Credit score myths busted to give you a better idea of what you are in for

by • November 25, 2020 • Credit bureauComments (0)164

What are 5 of the most popular credit score myths?

credit score mythsYour credit score is a number used by banks and financial institutions as an indicator of how you are likely to repay your debts and the probability of going into default. Credit Bureau Singapore (CBS) credit score is based on the various types of information in the credit report to calculate a number that estimates your level of future credit risk.

The score ranges from 1000 to 2000, where individuals scoring 1000 have the highest likelihood of defaulting on a repayment, whereas those scoring 2000 have the lowest chance of reaching a delinquency status.

Your credit score is guaranteed to influence the cost of the big ticket items you have to prepare for such as taking out a mortgage loan, planning a wedding, qualifying for a car loan and building up for retirement. A good credit score is crucial for these financial successes.

Improving your credit score should be a priority. The higher your score, the better your chances of getting the credit you need. So do you know your credit score? And more importantly, do you know how these credit scores can affect your finances?

Here are 5 of the most popular credit score myths that could give you a better idea of what you are in for.

Credit Score Myths #1: My credit score determines whether or not I get credit.

Fact: Lenders may use your credit score as a tool to assess your credit worthiness to decide if a loan should be granted. If your credit score is in good standing, your loan may be approved faster, with higher line assignment and lower pricing. Lenders will also take into consideration other factors such as the individual’s income, application documentations, existing banking relationship with the lender, the lender’s risk appetite, etc before extending credit to the individual. One thing to note on is, CBS does not play a part in the lender’s lending decision.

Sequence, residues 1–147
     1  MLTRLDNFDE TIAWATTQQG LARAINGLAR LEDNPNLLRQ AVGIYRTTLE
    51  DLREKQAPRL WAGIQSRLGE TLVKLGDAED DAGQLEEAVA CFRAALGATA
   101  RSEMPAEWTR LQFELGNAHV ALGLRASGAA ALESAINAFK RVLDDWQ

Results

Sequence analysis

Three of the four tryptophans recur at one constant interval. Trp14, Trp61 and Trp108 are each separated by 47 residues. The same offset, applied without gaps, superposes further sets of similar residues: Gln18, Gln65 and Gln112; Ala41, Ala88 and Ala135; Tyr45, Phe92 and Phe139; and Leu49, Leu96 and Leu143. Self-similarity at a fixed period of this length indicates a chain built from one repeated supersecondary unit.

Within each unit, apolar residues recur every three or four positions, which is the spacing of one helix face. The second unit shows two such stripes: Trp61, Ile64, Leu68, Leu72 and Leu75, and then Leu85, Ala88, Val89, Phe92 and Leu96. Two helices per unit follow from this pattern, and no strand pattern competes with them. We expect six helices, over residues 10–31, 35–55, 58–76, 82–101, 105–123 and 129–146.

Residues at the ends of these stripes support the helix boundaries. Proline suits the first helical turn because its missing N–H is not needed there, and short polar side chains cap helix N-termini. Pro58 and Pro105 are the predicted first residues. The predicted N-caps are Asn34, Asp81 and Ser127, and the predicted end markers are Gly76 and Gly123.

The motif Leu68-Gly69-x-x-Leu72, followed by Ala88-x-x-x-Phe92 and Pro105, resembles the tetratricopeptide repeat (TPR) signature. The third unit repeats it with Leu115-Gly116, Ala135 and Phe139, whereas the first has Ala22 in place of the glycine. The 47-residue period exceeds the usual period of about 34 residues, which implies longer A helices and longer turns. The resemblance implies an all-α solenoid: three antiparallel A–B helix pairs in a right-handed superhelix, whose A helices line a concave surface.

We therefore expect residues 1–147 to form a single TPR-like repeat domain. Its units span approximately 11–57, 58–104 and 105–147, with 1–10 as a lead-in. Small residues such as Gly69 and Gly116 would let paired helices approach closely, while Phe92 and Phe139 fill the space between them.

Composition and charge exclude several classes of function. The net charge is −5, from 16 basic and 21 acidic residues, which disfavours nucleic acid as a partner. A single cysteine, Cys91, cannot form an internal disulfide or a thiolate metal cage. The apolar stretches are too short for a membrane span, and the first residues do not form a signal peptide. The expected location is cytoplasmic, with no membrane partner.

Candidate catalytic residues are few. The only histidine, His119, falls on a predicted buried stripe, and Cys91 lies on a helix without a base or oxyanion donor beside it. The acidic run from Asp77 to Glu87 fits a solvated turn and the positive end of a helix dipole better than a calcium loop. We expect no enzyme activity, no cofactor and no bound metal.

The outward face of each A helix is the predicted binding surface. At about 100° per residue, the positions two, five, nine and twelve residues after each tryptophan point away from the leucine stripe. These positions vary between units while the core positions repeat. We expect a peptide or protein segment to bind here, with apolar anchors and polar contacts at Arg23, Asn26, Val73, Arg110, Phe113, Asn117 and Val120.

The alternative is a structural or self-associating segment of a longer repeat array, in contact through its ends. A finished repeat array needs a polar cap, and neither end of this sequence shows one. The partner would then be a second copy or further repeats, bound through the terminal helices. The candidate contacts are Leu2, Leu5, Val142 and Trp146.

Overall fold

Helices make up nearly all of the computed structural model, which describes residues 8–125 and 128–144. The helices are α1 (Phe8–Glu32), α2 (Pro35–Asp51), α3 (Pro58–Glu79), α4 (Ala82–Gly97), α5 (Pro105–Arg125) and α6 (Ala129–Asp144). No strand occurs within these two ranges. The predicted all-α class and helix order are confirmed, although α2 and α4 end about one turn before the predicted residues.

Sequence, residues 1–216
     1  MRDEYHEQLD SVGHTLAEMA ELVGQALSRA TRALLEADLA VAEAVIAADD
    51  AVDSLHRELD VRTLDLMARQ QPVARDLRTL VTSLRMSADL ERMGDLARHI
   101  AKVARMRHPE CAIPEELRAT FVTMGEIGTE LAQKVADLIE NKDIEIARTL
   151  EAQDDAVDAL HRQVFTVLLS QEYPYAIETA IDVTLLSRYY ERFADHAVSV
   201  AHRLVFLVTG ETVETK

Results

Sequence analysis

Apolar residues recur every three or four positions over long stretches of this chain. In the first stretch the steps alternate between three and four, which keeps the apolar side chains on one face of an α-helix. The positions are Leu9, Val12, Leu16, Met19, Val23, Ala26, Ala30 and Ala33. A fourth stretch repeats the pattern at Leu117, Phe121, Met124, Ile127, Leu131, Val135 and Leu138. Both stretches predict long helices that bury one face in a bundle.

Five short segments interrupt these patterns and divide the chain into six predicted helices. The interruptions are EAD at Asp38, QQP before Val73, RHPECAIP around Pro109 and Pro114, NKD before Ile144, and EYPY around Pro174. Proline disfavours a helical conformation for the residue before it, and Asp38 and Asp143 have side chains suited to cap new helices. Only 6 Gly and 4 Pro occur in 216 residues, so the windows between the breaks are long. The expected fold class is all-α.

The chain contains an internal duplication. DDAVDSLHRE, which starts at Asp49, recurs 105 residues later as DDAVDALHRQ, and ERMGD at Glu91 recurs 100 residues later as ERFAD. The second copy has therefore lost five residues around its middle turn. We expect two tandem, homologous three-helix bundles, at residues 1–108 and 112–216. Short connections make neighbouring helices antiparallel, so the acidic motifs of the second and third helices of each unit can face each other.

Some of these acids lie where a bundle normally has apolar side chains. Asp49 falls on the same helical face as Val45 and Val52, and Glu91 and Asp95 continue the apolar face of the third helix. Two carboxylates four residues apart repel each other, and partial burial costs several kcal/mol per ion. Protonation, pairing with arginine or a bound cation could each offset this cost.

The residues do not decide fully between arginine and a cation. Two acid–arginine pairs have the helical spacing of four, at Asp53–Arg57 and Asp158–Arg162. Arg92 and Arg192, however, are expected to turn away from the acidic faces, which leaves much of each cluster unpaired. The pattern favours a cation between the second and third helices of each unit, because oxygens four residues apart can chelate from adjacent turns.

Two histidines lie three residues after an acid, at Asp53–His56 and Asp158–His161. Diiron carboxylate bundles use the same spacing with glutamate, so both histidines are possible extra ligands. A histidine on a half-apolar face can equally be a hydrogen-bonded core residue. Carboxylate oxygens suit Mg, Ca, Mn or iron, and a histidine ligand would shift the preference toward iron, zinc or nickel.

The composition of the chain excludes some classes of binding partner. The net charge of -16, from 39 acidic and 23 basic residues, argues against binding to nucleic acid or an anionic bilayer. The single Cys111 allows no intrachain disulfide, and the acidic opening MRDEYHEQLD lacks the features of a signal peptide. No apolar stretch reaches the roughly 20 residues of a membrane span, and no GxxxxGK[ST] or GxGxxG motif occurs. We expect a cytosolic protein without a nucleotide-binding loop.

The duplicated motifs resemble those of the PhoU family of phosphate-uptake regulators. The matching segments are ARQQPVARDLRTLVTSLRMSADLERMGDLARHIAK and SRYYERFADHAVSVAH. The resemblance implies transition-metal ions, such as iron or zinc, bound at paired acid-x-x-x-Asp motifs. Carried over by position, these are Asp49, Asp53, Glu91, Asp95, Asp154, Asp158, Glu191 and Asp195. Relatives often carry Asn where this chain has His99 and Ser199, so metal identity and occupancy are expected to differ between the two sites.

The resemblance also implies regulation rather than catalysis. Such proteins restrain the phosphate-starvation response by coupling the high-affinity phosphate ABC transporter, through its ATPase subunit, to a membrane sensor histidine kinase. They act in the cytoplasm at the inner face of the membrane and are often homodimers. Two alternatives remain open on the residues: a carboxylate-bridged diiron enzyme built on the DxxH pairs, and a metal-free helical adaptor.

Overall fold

Credit Score Myths #2: A poor score will haunt me forever.

Fact: Credit repair is possible. A score is a “snapshot” of your risk at a particular point in time. The bureau score is dynamic and it changes as new information is added to your credit file such as taking up a new HDB loan with the bank. Your score is a reflective behaviour of your repayment history and it changes gradually as you change the way you handle credit. For example, a good credit score is derived from paying your credit card bills on time, all the time.

Credit Score Myths #3: My credit score will drop drastically if I apply for new credit.

Fact: If you apply for multiple credit applications within a short period of time, it may have a negative impact on your credit score. Looking for new credit can equate with higher risk. Always approach credit in moderation.

Credit Score Myths #4: My credit score will impact supplementary card holders.

Fact: Although primary card holders are primarily responsible for the usage and payments due on the supplementary cards, the credit report will only show the factual credit data available of the principal cardholders. The credit history and repayment behaviour of supplementary card holders will not affect the principal cardholders.

Credit Score Myths #5: My bad credit will affect my spouse’s credit score.